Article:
I’m still struggling to believe it’s real. That she’s gone. In my mind’s eye, Rachel Held Evans stands tall and strong, a woman of valor speaking truth to power, a fearless champion of the church-wounded, generously sharing her platform with those whose stories had been excluded and overlooked. She sought us out and gave us a place to speak. She was a bridge-builder, a trail-blazer and above all, the kind of friend who came alongside and cheered you all the way to the finish line.
How is it possible this courageous warrior has been struck down by a brief, vicious illness? In our liturgies we say: “From ashes to ashes…” and yet, it doesn’t seem real until the living, breathing flesh of someone you love passes through that veil. And so, our woman of valor has passed through the veil and into the splendor of glory. We who are left behind feel it is all too soon, she still had babies to raise and so many more words of blessing to pour out upon us. Didn’t she? We need her.
And yet, this is life. This is death….Rachel taught us this. She taught us how to redeem the time. Eshet Chayil! was her battle-song of blessing and our woman of valor fought bravely to the finish.
It all seems like a far off dream now: those early years of blogging. It seems like a lifetime ago even though it was just perhaps just 10 or 12 years ago. I don’t remember exactly how it happened, how I found Rachel or how Rachel found me. But I remember around 2010 we were both blogging along similar themes and soon we were sharing conversations in comment threads, exchanging emails, asking the hard questions and writing every day. Looking at her archives and mine, our peak interactions happened between 2010-2014. During those years we had extensive conversations in the comment sections of her blog, she invited me to write a guest post for her and when she ran a series called “Sunday Superlatives” (which was a roundup of the previous week’s best faith writing on the Internet) she often linked back to my blog or featured something I had written. Sometimes she emailed me to say how much she appreciated something I had written. I fell in love with Rachel during those years. She was so brave and such a tireless encourager. I didn’t feel alone. I felt like I could ask the hard questions because Rachel was asking them, too. It was a rare and special treat to wrestle with issues of faith with other faith writers online, engaging conversations, challenging the assumptions of evangelical patriarchy.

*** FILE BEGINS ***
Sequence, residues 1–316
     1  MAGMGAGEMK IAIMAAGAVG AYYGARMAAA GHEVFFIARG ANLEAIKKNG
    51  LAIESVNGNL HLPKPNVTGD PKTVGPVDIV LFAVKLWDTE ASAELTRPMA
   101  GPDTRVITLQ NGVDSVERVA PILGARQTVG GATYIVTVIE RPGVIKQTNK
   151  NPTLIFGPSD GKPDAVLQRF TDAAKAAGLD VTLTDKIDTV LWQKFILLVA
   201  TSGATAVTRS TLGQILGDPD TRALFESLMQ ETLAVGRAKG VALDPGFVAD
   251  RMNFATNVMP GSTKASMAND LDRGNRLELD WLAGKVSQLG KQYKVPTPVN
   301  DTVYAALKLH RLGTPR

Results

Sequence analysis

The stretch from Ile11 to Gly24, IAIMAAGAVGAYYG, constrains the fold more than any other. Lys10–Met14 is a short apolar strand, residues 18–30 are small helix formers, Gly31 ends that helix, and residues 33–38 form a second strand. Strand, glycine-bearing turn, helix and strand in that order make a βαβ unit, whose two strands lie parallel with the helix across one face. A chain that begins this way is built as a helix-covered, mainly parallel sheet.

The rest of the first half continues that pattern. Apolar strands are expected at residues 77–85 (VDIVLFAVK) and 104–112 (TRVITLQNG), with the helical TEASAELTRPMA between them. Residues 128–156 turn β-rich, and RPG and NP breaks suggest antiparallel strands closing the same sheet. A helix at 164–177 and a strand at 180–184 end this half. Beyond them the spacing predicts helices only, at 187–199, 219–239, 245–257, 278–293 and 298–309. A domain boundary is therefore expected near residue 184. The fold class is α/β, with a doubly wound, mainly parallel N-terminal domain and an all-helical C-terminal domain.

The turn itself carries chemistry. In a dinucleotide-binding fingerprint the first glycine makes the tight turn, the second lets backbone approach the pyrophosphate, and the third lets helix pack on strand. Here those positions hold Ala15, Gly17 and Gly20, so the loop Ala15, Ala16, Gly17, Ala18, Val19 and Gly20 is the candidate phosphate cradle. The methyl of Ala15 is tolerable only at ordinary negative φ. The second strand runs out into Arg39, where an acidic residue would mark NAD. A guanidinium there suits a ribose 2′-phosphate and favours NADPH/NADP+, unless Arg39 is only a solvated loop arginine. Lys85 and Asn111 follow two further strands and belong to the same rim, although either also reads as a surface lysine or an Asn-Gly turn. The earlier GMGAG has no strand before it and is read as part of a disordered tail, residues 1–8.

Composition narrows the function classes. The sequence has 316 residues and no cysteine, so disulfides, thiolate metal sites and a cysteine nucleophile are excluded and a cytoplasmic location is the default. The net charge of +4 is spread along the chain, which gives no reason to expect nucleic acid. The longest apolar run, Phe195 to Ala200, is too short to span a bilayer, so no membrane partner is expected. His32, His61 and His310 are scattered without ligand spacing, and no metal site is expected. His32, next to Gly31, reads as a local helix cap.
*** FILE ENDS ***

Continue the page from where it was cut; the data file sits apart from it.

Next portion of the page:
Meeting In Real Life
In 2011, Rachel and I joined a team of other bloggers on a trip to Bolivia. That’s where I really got to know Rachel in person. She was that rare combination of intelligence, compassion and generosity. She wrote and thought like a journalist—she always asked the most interesting questions and applied her amazing criticial thinking skills to the problems we were witnessing. She was also fearless. I kept freaking out about all the plane rides in small planes at high altitudes and Rachel just breezed through them with nothing more than a: “Wow, look at that view!” And during one particularly treacherous bus ride winding up and down a mountainside, Rachel and I clung to each and shrieked and laughed. “Get out your Rosary beads, Elizabeth!” she chortled. “We need all the help we can get up here!” Her lighthearted sense of humor and the deep conversations we had while traveling together formed a beautiful bond between all of us who were on that trip. After a long day of traveling, we’d all pile into someone’s hotel room and write together and laugh and talk and talk and talk. During this trip, Rachel encouraged me to start writing a book about my fundamentalist upbringing. She even offered to read some of my initial chapters. After that trip, I knew we were friends for life.